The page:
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Clinical Investigations: COPD |

A Randomized Trial of Two Types of Nurse-Assisted Home Care for Patients With COPD*

David Coultas, MD; Jenn Frederick, BS; Bethany Barnett, MSPH; Gaumita Singh, BA; Peter Wludyka, PhD
Author and Funding Information

*From the University of Florida Health Science Center/Jacksonville (Dr. Coultas and Ms. Singh), Jacksonville, FL; Department of Mathematics and Statistics (Ms. Frederick and Dr. Wludyka), University of North Florida, Jacksonville, FL; and The Alpha-1 Foundation (Ms. Barnett), Miami, FL.

Correspondence to: David B. Coultas, MD, Department of Internal Medicine, The University of Florida Health Science Center/Jacksonville, Jacksonville, FL 32209; e-mail: david.coultas@jax.ufl.edu



Chest. 2005;128(4):2017-2024. doi:10.1378/chest.128.4.2017
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Study objectives: Whereas pulmonary rehabilitation reduces symptoms and improves the quality of life of patients with COPD and is recommended in management guidelines, few patients have access to rehabilitation services. The purpose of this study was to investigate the effectiveness of increasing access to selected components of pulmonary rehabilitation by providing nurse-assisted home care that was composed of patient education, efforts to improve patient self-management skills, and enhanced follow-up.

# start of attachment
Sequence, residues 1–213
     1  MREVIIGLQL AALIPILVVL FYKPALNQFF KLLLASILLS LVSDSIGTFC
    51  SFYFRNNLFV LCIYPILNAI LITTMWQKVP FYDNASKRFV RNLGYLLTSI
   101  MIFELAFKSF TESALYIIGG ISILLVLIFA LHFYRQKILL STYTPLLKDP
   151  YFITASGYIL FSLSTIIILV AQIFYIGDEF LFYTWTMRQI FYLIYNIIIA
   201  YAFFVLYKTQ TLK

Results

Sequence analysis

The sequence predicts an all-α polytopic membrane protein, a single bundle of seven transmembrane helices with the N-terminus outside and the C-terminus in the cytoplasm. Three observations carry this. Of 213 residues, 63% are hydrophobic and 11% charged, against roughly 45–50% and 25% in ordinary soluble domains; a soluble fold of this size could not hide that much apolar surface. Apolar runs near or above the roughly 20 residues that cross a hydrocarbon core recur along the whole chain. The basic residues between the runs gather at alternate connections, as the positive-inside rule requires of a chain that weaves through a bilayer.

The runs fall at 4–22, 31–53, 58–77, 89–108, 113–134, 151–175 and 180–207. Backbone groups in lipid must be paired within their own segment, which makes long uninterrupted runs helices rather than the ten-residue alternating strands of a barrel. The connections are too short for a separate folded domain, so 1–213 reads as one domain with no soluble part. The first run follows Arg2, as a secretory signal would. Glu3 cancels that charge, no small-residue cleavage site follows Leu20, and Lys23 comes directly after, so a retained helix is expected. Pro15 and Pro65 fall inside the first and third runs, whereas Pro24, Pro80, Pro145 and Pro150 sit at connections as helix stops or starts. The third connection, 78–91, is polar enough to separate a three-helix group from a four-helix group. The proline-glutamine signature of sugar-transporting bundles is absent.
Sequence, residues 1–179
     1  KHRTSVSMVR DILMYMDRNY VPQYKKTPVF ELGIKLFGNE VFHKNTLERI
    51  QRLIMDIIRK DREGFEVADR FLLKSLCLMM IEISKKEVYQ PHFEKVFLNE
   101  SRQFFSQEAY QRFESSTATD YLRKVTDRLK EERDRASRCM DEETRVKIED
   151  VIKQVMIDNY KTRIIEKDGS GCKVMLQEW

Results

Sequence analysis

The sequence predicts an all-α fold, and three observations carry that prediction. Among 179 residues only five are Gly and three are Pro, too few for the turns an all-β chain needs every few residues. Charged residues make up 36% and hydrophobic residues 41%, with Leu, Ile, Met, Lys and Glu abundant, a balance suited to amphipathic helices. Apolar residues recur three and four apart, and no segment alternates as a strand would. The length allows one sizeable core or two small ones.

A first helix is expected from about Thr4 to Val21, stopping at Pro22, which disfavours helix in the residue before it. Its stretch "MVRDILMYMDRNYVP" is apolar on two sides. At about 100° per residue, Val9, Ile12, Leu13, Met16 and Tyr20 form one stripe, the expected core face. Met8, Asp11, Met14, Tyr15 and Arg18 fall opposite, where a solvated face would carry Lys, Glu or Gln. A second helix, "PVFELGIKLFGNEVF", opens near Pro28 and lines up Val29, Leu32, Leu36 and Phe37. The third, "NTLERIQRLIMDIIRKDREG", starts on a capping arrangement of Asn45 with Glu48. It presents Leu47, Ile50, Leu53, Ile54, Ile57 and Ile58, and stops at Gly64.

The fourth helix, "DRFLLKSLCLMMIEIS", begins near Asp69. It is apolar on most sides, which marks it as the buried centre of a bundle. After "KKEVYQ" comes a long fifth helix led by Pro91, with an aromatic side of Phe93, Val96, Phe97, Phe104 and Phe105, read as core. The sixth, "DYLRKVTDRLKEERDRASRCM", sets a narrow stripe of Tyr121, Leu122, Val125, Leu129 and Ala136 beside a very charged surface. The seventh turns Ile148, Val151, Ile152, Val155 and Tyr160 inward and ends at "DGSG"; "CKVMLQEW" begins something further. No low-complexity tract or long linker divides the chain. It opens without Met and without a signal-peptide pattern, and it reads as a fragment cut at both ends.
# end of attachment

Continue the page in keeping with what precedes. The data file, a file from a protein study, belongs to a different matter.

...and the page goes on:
Design: We conducted a 6-month, randomized, controlled trial.

Setting: Primary care clinics associated with an urban academic health system.

Patients: Patients were ≥ 45 years of age with a physician diagnosis of COPD, and had a ≥ 20-pack-year smoking history, had experienced at least one respiratory symptom during the past 12 months, and had airflow obstruction (ie, FEV1/FVC ratio, < 70%; FEV1, < 80%).

Interventions: Four nurses were trained in the use of the Global Initiative for Chronic Obstructive Lung Disease guidelines, and two of the four nurses received additional training in collaborative management. Patients were randomly assigned to usual care (UC), nurse-assisted medical management (MM), or nurse-assisted collaborative management (CM).

Measurements: The main outcome measures were of generic (Medical Outcome Study 36-item short form [SF-36], illness intrusiveness) and disease-specific (St. George’s respiratory questionnaire [SGRQ]) quality of life and self-reported health-care utilization.

Results: Overall, 151 patients (UC group, 51 patients; MM group, 49 patients; and CM group, 51 patients) completed the study, their average age was 69 years, and 56.9% were women. The average change in the SF-36 general health domain for the MM group vs the UC group was 1.1 (95% confidence interval [CI], −7.9 to 11.2), and for the CM group vs the UC group the average change was 2.5 (95% CI, −7.0 to 12.3). The corresponding changes in SGRQ total domain were −2.9 (95% CI, −9.8 to 4.1) and −2.6 (95% CI, −9.5 to 4.3). There was no change in the number of self-reported emergency department visits or hospitalizations, but the utilization of these services was infrequent.

Conclusion: The findings of our investigation and those from the published literature suggest that interventions to enhance patient education, self-management skills, and follow-up among patients with COPD do not result in clinically meaningful improvements in health status or self-reported health-care utilization. Moreover, future studies of disease management programs for patients with COPD need to evaluate interventions that address associated comorbidities, exercise, and social support.

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